A new study by European researchers found three different types of CCP virus genomes spreading around the world.
The Cambridge study, titled “Phylogenetic network analysis of SARS-CoV-2 genomes”(pdf), was published last week by Proceedings of the National Academy of Sciences (PNAS).
It studied the first 160 complete viral genomes from the earliest patients across the world, between Dec. 24, 2019 and March 4, 2020. It then mapped the family tree of the genomes.
The 3 Types
The genomes are categorized into three distinct types: A, B, and C, within each cluster the genomes are closely related.
Type A is considered the root of the outbreak, since it has the highest similarity to the bat virus.
Among the 44 samples of type A, 16 are from mainland China. Of the 16, two from Wuhan and four from Guangdong carry the ancestral genome. One is from Hong Kong and one is from Taiwan.
Nine are from other Asian countries and carry mutated version of A.
Another nine are from America, also carrying mutated versions of A. Two of the American patients are reported to have lived in Wuhan.
Five are from Australia and three are from Europe.
Type B is mutated from A. Among the 93 cases, 58 are from Mainland China, Hong Kong, and Taiwan, 16 are from other Asian countries, eight are from the United States, three are from Canada and Mexico, seven are from Europe and one is from Australia.
Type C, the daughter of B, was most common in Europe, with 11 out of 23 C cases seen in early patients from France, Italy, Sweden, and England. Of the rest, six are from Asia, two are from Australia, and one each are from Taiwan, Hong Kong, the United States, and Brazil.
Dr. Sean Lin, former lab director of viral diseases branch at Walter Reed Army Institute of Research, said this further confirmed scientists’ hypothesis that this virus is constantly mutating.
“First, the SARS-CoV-2 virus did mutate aggressively in the human body in different regions. Secondly, the virus may undergo further adaptation when they encounter different races, in different continents,” Lin told NTD News.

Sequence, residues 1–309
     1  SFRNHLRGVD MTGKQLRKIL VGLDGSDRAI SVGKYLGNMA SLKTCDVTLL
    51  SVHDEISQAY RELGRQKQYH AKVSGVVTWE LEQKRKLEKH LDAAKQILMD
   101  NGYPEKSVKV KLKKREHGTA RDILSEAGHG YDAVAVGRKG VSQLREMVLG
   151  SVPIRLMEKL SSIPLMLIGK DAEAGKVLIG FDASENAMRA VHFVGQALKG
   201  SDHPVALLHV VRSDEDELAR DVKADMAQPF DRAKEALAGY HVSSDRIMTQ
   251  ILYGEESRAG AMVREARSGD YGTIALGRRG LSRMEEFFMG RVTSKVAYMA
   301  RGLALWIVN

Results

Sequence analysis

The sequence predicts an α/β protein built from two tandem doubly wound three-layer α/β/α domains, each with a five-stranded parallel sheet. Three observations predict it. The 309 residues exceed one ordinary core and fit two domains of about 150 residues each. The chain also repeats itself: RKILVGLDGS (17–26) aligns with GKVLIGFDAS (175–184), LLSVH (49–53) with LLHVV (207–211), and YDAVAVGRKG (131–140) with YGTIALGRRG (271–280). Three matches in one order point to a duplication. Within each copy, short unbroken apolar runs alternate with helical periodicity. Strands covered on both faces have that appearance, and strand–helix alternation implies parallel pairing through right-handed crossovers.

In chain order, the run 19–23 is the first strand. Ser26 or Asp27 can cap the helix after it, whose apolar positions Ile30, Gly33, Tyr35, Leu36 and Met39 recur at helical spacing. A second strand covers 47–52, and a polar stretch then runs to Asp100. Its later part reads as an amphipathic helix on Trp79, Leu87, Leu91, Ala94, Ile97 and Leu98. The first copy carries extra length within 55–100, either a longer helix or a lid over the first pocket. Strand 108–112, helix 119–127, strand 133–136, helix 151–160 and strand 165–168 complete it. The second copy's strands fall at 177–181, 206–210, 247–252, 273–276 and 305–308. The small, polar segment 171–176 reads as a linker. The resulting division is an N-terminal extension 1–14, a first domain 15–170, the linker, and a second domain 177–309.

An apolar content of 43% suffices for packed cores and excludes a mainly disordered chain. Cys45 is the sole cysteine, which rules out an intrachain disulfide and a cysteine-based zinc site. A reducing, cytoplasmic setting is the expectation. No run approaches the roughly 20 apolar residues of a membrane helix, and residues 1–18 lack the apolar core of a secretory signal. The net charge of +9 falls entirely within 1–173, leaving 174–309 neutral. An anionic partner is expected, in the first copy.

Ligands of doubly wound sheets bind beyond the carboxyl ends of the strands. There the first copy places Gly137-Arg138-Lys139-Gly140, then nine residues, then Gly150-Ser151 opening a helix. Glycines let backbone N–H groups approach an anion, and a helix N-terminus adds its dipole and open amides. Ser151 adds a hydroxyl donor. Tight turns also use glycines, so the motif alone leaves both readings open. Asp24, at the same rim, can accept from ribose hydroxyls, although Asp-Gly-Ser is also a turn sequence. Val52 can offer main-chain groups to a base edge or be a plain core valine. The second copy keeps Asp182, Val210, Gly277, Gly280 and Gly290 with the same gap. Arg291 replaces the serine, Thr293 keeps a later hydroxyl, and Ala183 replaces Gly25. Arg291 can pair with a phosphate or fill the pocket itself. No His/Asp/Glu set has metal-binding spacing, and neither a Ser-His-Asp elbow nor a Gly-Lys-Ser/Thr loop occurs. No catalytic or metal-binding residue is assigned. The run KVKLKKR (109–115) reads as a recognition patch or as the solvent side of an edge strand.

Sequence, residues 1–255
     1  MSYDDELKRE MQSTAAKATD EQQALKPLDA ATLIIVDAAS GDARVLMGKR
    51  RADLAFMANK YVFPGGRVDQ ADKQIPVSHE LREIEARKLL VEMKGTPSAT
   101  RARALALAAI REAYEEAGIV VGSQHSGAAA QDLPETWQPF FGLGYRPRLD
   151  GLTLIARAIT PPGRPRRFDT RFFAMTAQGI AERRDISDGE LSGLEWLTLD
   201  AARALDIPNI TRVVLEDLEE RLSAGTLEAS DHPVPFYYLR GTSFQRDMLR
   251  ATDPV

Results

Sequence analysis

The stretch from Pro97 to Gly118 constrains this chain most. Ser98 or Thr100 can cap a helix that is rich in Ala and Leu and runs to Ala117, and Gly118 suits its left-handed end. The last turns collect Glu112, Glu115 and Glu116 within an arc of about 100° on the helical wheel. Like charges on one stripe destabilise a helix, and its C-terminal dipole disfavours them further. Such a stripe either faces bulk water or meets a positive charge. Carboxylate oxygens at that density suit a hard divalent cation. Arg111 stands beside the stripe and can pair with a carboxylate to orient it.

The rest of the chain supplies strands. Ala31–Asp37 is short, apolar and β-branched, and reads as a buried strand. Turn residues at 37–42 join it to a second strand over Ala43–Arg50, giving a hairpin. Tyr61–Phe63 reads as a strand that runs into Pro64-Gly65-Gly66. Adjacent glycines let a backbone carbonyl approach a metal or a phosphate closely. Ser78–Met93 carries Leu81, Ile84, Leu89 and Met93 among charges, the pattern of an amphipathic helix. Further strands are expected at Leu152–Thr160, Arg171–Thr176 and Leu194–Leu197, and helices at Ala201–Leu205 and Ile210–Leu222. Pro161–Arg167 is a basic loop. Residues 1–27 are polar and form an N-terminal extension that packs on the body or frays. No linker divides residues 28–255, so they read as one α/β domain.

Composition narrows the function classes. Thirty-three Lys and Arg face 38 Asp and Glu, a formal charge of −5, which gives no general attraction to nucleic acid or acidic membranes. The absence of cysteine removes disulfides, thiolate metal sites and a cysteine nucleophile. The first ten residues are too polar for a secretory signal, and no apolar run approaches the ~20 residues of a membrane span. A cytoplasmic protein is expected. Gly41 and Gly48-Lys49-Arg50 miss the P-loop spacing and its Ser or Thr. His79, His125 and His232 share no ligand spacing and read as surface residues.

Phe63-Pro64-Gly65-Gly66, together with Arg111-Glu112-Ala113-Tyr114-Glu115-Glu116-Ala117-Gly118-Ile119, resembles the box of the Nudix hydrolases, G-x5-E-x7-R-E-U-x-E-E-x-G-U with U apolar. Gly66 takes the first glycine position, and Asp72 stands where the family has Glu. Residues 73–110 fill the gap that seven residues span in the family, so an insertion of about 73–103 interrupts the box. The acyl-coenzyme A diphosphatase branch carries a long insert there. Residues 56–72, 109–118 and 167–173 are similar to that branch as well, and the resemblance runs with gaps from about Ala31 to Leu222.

In this study, the key nucleotide difference that distinguish the three types are not located in the gene regions that encodes the spike protein, “this suggest even though the spike protein are very important in binding cellular receptors, but other viral factors are also critical in data-mining virus, pathogenicity and immunogenicity,” he added.
Tracking the Origin
Lin said this report also shows that, phylogenetic analysis are very useful in tracking how the virus is spreading globally. For example, type A is the root of B and C, even though many of the U.S. cases belong to type A. But several Chinese cases also belong to type A and six of them carry the ancestral genome sequence of Type A, which means many of the U.S. cases can be tracked back to the cases in Wuhan, China.
“This report clearly suggests that all these cases can be traced back to Wuhan, China, and the Chinese communist regime has been blaming the United States or Italian as source of the outbreak. [This proves] those claims are totally groundless.” said Lin.
Mount Sinai conducted another study published this week that suggests the virus in New York was brought there by people arriving from Europe.
It also shows a case of the virus in Washington state came from Wuhan, which agrees with the study mentioned earlier.